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Invest Ophthalmol Vis Sci. 2003 Jan;44(1):250-7.

Polymer refilling of presbyopic human lenses in vitro restores the ability to undergo accommodative changes.

Author information

  • 1Department of Ophthalmology, University Hospital of Groningen, Hanzeplein 1, 9713 GZ Groningen, The Netherlands. s.a.koopmans@ohk.azg.nl

Abstract

PURPOSE:

Because presbyopia is thought to be accompanied by increased lens sclerosis this study was conducted to investigate whether refilling the capsule of the presbyopic human lens with a soft polymer would restore the ability of the lens to undergo accommodative changes.

METHODS:

Accommodative forces were applied to natural and refilled lenses by circumferential stretching through the ciliary body and zonular complex. Nine natural lenses and 10 refilled lenses from donors ranging in age from 17 to 60 years were studied. Two refill polymers with a different Young's modulus were used. The lens power was measured by a scanning laser ray-tracing technique, and lens diameter and lens thickness were measured simultaneously while the tension on the zonules was increased stepwise by outward pull on the ciliary body.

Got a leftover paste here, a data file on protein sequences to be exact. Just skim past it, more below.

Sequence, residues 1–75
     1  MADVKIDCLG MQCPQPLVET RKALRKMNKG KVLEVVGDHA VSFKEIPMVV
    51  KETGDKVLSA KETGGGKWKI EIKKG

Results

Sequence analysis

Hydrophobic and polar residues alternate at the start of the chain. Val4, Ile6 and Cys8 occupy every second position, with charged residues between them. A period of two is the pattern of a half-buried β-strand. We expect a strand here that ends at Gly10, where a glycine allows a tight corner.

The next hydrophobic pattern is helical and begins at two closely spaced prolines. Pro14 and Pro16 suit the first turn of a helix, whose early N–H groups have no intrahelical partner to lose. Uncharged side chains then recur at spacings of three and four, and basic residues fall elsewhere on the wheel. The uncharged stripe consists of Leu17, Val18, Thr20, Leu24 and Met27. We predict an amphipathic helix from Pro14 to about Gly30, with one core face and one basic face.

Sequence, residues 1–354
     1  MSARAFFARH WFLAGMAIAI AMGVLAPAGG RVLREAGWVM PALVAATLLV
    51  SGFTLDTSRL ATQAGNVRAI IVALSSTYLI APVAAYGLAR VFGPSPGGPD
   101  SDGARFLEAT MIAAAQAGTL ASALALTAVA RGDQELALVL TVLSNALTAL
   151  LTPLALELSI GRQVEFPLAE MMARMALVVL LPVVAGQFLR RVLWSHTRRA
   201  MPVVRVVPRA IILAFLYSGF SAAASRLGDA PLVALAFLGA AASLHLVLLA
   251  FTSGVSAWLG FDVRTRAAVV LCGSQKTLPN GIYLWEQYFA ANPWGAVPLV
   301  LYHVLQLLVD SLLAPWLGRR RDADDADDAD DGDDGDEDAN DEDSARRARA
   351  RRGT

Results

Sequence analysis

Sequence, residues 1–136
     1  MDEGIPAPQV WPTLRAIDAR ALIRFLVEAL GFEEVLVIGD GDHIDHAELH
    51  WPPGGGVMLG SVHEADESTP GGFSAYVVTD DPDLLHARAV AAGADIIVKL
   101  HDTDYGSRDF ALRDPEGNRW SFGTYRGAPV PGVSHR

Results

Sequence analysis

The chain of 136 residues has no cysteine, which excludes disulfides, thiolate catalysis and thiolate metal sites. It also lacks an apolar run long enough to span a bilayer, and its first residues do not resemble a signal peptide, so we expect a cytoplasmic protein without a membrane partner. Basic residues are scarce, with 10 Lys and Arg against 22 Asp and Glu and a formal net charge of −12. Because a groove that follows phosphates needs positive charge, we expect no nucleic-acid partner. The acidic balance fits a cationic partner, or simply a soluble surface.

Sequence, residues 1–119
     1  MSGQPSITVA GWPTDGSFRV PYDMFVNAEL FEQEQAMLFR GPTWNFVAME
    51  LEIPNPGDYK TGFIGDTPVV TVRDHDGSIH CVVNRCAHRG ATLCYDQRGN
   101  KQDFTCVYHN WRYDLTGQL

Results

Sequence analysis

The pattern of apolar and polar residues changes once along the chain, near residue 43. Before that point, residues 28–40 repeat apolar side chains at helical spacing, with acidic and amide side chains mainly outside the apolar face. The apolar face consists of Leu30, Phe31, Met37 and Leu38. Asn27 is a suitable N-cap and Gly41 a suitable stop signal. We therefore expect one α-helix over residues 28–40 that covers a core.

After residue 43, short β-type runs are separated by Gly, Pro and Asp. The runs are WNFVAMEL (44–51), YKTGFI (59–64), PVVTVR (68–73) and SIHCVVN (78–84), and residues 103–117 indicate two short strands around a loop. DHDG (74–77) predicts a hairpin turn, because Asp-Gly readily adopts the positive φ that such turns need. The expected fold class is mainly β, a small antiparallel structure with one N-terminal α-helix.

RESULTS:

In the natural lenses the older lenses were not able to undergo power changes with stretching of the ciliary body, whereas in the refilled lenses, all lenses showed power changes comparable to young, natural lenses. The refilled human lenses had a higher lens power than the age-matched natural lenses. The Young's modulus of the polymers influenced the lens power change when measured with the ciliary body diameter increased by 4 mm.

CONCLUSIONS:

Refilling presbyopic lenses with a soft polymer enabled restoration of lens power changes with mechanical stretching. Because sclerosis of the lens is an important factor in human presbyopia, refilling the lens during lens surgery for cataract could enable restoration of clear vision and accommodation in human presbyopia.

PMID:
12506082
[PubMed - indexed for MEDLINE]
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